Cryptosporidium and Giardia contamination of drinking water

Food manufacturers, retailers, and other commercial establishments that serve food or water to the public are reminded of their obligations to produce safe food during and following boil water alerts issued due to Cryptosporidium or Giardia contamination of drinking water.

Water that is not further treated (either through boiling or filtering) should not be used:

  • In food or drinks, including soft drinks produced from post mix dispensers connected to the water supply
  • To prepare ice particularly if the ice is to be sold, used in drinks, used as an ingredient in foods, or used in contact with foods, especially foods such as cooked prawns, which may be eaten without further cooking.
  • For washing foods that will be eaten without further cooking, such as salad vegetables or opened oysters
  • Used for rinsing food equipment, such as eating and drinking utensils, or beer lines. Beer lines should be flushed through with beer after cleaning and before use.

Espresso coffee machines heat water to a temperature hot enough to deliver a safe product.

Additional considerations during boil water alerts issued due to Cryptosporidium and Giardia contamination

It is recognised that some fast food chains may filter the water supply used in their post mix dispensers. It is important to note that only filters certified to remove Cryptosporidium, reverse osmosis filters, or "absolute one micron" filters are effective to remove Cryptosporidium. Bottled soft drinks are not affected as manufacturers routinely treat their water supplies before use.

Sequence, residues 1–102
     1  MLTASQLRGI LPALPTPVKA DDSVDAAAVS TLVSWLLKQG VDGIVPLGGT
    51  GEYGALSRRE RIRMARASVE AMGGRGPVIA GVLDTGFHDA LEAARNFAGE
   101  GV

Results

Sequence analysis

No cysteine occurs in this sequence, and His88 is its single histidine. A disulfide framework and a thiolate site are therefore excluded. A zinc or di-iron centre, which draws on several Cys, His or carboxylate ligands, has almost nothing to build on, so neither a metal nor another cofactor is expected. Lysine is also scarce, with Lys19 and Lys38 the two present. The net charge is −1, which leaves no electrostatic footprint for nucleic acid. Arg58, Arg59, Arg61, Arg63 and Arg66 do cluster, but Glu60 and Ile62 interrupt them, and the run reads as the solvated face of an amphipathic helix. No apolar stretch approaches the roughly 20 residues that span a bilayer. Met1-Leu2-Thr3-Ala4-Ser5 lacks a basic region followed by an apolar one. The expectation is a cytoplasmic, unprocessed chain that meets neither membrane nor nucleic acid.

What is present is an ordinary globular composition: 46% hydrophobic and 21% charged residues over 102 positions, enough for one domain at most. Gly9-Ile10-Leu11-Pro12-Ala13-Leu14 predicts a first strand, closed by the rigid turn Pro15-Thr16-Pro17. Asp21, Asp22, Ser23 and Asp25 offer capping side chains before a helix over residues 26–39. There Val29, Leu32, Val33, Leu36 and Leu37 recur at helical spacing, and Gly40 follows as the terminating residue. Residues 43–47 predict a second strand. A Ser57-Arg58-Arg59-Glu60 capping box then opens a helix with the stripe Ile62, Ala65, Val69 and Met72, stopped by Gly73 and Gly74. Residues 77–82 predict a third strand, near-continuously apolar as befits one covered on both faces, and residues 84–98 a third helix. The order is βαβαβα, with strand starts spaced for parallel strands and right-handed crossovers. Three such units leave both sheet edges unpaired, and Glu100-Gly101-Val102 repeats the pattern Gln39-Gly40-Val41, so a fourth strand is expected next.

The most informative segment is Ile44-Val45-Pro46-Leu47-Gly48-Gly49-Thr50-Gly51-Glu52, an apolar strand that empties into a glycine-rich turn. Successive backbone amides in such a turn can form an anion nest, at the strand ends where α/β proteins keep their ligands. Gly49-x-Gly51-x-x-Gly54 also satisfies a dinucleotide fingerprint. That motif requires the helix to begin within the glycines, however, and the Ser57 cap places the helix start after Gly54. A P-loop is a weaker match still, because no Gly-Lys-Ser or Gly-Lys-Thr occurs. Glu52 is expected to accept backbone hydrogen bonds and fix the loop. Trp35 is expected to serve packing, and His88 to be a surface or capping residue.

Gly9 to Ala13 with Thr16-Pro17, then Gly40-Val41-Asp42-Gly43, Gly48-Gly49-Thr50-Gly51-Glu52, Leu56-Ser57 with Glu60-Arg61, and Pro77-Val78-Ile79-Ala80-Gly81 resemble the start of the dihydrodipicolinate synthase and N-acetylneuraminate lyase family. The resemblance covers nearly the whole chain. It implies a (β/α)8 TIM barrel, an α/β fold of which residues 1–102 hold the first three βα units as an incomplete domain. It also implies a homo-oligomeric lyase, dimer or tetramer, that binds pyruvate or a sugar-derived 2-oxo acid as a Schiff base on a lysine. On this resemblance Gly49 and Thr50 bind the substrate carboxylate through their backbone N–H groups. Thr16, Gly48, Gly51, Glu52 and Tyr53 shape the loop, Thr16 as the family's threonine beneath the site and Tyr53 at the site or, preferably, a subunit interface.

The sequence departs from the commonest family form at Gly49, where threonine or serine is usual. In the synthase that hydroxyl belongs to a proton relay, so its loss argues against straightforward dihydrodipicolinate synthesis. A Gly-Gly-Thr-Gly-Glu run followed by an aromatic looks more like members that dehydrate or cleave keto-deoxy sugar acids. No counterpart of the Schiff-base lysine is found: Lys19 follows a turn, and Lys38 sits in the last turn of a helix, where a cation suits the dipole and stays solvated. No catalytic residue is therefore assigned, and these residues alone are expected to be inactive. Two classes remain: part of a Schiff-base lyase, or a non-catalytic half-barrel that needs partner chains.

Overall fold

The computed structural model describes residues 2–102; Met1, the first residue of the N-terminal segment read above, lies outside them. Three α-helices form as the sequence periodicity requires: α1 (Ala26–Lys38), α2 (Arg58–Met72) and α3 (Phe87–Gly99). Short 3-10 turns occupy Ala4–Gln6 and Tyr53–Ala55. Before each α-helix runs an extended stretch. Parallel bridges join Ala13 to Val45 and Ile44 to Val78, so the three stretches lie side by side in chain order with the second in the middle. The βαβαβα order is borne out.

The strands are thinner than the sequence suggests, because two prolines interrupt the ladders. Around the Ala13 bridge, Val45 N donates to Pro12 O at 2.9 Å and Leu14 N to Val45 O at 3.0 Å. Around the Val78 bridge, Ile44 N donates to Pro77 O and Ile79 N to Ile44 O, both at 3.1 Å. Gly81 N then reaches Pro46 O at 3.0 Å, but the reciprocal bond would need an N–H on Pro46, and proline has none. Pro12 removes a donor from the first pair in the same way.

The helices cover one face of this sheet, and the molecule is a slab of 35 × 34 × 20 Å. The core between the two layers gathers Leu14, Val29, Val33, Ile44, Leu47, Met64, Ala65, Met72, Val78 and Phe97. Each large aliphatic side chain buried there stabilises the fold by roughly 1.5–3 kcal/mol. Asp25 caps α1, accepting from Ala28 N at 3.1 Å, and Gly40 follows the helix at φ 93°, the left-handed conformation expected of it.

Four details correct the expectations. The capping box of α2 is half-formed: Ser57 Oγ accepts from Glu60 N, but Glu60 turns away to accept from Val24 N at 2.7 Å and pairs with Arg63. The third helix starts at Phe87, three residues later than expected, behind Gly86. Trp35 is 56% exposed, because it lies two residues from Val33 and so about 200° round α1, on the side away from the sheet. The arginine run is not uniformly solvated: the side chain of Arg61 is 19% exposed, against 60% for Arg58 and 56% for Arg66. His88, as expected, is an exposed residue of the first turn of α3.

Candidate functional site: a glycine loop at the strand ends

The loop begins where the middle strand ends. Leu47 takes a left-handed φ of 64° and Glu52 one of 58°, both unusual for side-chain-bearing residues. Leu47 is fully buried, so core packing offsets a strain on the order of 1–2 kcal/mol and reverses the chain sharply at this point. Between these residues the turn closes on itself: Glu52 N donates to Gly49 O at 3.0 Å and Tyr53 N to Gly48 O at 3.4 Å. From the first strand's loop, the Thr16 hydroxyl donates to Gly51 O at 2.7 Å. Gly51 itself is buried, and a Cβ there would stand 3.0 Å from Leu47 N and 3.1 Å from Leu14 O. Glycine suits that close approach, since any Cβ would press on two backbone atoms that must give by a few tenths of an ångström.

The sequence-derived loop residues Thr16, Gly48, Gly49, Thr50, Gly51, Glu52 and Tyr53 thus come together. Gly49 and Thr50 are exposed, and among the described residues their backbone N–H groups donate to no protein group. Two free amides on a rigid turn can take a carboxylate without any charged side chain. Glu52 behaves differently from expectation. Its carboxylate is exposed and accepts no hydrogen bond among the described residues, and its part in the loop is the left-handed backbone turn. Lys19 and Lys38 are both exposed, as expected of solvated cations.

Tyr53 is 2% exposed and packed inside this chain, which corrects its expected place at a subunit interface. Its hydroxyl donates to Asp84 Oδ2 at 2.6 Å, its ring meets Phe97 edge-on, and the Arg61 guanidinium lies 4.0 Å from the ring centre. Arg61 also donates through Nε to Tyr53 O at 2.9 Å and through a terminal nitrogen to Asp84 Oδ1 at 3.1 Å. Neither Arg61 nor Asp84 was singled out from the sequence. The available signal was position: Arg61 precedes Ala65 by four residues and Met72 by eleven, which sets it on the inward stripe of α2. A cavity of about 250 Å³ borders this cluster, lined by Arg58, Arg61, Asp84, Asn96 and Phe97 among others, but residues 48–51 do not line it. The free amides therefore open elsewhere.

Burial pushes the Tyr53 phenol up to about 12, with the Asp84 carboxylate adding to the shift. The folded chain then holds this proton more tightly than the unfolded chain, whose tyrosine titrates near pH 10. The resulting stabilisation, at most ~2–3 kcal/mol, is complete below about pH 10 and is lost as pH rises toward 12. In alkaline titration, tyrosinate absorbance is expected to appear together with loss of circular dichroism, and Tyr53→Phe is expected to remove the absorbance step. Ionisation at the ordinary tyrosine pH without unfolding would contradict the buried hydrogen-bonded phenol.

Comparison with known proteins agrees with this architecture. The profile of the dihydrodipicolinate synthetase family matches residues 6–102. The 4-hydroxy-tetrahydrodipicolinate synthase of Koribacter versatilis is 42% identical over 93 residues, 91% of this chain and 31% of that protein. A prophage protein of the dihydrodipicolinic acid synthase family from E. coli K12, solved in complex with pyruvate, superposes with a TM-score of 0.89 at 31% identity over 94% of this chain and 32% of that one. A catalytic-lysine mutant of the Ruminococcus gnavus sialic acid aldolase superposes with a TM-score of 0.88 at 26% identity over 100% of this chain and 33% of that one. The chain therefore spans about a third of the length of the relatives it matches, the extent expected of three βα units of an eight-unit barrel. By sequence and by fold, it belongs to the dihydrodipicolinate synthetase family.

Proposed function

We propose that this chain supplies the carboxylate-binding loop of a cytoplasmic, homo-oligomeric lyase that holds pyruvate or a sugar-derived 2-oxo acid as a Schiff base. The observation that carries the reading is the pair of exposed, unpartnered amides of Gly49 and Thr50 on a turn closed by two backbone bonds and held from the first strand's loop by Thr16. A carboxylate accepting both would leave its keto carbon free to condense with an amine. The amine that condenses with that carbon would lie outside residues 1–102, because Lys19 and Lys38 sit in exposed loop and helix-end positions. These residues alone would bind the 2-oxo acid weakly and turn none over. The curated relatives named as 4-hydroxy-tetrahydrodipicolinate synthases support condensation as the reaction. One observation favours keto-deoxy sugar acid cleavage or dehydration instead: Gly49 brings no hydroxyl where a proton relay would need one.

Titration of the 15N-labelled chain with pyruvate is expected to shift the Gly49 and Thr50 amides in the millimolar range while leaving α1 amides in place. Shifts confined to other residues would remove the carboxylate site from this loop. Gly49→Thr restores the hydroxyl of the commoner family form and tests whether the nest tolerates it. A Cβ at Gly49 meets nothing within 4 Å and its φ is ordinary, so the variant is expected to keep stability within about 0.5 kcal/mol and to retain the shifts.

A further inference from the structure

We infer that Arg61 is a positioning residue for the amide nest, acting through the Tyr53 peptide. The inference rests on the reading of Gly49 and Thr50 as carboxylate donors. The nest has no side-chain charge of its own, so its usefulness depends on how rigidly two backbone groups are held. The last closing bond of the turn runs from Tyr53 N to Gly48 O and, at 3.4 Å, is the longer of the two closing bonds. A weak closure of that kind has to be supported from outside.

For the food industry, the NSW Health Department has compiled a list of references, which may assist in determining if your own food processes efficiently eliminate Cryptosporidium and Giardia. A list of references is available from the Health Department by Faxback on 1800 061 138.

Food Science Australia has also compiled a fact sheet for the food industry, which is available through the CSIRO.

'Boil Water Alert' precautions for

Schools and child care centres

Topping up swimming pools and spas

Using water header tanks

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Page Updated: Tuesday 31 March 2009